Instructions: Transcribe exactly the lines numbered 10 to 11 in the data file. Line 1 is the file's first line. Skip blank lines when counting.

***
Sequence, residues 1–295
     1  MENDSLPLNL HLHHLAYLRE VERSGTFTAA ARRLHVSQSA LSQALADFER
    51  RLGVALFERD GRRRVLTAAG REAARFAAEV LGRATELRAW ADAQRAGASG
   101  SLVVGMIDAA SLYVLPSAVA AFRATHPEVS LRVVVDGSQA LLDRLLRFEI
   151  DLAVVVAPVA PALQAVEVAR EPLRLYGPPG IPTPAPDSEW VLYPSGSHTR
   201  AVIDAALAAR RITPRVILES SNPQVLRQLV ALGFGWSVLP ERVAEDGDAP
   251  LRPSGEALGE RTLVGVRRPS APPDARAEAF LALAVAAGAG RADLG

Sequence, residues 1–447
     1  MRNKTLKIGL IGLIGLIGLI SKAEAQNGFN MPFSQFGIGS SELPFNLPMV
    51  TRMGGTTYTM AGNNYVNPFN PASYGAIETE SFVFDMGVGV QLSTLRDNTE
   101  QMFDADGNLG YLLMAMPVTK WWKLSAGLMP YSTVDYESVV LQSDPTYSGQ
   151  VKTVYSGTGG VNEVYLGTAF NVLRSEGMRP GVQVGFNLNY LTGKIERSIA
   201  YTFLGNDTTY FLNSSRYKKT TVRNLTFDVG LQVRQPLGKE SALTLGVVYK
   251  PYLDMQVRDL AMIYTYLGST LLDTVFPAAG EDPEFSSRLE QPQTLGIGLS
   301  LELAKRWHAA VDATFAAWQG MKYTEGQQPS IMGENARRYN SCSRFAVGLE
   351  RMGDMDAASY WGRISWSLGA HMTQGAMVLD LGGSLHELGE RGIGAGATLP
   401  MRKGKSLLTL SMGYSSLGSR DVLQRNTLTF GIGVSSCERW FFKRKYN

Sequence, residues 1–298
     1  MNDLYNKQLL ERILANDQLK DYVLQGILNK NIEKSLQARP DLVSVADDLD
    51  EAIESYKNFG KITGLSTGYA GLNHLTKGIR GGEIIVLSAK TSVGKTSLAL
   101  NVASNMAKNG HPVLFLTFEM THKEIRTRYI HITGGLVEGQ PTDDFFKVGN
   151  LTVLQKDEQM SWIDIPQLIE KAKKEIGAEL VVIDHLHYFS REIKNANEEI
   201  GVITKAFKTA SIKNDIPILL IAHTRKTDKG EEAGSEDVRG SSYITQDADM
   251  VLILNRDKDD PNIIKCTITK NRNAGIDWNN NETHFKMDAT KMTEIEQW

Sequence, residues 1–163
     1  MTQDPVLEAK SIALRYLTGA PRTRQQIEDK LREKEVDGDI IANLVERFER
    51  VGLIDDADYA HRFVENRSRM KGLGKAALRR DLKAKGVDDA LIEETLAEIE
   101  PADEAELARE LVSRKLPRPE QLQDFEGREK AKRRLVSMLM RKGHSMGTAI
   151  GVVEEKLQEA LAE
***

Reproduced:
    51  TRMGGTTYTM AGNNYVNPFN PASYGAIETE SFVFDMGVGV QLSTLRDNTE
   101  QMFDADGNLG YLLMAMPVTK WWKLSAGLMP YSTVDYESVV LQSDPTYSGQ